Anyone who doesn't get enough of Grace Potter's Nocturnals‚ live or recorded‚ would do well to investigate Blues & Lasers. But be forewarned: these guys are not a pure pop band but‚ as suggested by their name‚ a contemporary take on rock and roll blues circa 1968.
Make no mistake‚ these guys are not stuck in time‚ but only firmly rooted in a time and space where Muddy Waters' and Elmore James' electrified blues took a quantum leap in style and volume. That said‚ guitarist Scott Tournet and company have honed their sense of dynamics since the recording of their first EP and After All We're Only Human.
Truth be told‚ and to their credit‚ the band loves a riff like the one at the foundation of "Give It A Try" and they benefit from having not just two guitarists--Bennie Yurco is a fine foil for Tournet‚ as evidenced on the cacophonous yet tuneful interplay during "Take You Down"--but two drummers (Matt Burr and Steve Sharon) who can hammer out the massive rhythm. And bassist John Rogone refuses to plod along‚ instead prodding the quintet constantly‚ a dynamic readily apparent thanks to the clean--but not too clean--sound mix forged in Burlington‚ VT's own Tank Studios.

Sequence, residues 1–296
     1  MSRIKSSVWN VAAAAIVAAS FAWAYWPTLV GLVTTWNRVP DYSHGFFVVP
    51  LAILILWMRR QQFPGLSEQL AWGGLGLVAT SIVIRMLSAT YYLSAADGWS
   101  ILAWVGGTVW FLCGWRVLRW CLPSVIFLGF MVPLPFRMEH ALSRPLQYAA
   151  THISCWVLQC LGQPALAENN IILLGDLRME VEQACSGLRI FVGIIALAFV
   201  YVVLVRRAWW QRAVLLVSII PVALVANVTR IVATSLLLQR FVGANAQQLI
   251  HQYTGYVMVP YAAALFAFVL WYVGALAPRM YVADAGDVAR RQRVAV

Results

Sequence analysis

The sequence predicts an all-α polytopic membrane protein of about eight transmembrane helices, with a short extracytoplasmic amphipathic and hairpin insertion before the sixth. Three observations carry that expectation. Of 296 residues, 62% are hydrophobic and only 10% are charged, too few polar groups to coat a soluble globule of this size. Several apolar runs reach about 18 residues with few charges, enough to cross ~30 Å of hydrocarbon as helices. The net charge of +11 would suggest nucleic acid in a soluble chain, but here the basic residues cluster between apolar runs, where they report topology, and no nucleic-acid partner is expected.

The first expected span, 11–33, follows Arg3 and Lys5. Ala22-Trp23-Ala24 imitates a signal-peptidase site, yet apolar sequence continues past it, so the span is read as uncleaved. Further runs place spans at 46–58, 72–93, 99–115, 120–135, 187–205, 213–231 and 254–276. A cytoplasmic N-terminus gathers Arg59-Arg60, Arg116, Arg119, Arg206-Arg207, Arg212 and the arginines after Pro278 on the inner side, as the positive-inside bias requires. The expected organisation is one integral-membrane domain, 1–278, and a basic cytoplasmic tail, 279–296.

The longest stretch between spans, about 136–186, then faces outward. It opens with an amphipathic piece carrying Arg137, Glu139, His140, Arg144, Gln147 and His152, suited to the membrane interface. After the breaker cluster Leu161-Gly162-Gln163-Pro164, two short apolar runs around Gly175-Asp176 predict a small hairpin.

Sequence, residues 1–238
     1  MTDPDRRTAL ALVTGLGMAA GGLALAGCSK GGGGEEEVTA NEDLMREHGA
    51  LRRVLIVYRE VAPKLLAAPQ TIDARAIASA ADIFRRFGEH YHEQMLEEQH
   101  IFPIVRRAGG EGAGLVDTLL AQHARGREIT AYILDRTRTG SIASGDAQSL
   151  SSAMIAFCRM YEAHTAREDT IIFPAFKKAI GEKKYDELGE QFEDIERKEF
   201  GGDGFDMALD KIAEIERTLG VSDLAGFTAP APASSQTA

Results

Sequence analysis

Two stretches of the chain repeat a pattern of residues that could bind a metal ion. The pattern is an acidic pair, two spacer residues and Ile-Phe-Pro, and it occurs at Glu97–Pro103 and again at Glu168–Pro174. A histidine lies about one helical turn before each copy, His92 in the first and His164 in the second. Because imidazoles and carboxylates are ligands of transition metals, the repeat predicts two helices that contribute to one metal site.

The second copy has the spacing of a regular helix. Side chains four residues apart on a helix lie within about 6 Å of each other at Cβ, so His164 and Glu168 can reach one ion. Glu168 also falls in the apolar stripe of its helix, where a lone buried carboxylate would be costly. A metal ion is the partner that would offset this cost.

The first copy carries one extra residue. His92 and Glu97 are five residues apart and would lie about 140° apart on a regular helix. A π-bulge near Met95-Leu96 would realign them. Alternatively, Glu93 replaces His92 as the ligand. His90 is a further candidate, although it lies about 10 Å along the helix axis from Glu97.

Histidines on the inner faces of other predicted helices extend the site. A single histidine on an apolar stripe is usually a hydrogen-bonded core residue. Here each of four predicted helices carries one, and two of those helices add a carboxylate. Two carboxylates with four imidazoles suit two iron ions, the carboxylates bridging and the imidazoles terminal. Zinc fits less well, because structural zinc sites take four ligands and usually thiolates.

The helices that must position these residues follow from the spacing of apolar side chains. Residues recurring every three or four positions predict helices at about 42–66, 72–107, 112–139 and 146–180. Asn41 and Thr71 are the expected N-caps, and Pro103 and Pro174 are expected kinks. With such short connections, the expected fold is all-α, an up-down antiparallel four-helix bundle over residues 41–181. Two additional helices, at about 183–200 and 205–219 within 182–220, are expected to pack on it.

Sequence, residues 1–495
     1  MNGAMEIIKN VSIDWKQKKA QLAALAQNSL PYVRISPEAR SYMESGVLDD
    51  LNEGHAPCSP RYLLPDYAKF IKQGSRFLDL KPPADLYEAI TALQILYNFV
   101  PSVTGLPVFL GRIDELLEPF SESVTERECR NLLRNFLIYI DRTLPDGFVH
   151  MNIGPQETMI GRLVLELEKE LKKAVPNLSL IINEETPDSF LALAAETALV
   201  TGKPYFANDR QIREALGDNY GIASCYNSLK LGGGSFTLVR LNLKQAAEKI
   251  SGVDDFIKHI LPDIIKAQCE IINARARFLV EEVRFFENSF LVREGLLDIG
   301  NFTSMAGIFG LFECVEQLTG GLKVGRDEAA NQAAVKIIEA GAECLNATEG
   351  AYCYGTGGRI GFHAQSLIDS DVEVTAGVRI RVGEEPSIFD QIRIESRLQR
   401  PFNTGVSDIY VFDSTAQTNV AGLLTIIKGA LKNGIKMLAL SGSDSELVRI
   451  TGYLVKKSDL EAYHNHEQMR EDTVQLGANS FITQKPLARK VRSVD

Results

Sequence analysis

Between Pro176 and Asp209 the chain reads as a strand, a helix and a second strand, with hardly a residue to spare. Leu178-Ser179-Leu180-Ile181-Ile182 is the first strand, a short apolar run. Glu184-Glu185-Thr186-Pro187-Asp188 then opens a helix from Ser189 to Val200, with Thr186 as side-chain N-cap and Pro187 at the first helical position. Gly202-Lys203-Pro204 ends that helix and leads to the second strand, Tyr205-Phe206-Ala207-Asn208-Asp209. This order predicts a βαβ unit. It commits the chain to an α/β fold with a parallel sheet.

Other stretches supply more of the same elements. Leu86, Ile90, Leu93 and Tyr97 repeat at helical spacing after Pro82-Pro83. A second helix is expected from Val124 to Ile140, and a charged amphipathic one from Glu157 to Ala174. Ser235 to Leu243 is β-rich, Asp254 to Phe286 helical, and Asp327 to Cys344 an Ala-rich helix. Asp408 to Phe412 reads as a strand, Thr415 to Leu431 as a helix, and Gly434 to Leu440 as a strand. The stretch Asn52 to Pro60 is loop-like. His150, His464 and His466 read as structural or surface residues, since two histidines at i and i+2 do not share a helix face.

There's no question that‚ in the lead vocals as well as the structure of a cut like "Glory‚" there's more than a little vintage Lynyrd Skynyrd in the sound of Blues & Lasers. But this quintet also knows something about economy and the value of pointed arrangements; Rogone's presence‚ again‚ is crucial when tracks here including "After All" and "Before You Use Me‚" push six and seven minutes respectively‚ but neither go on too long: Blues & Lasers have the right instincts to know how to say their piece‚ vocally and instrumentally‚ then move on.
So the nine cuts are over before you know it and beg to be played right over again‚ If there's anything more infectious than a pop hook‚ it's a well-crafted guitar riff and After All is full of 'em.
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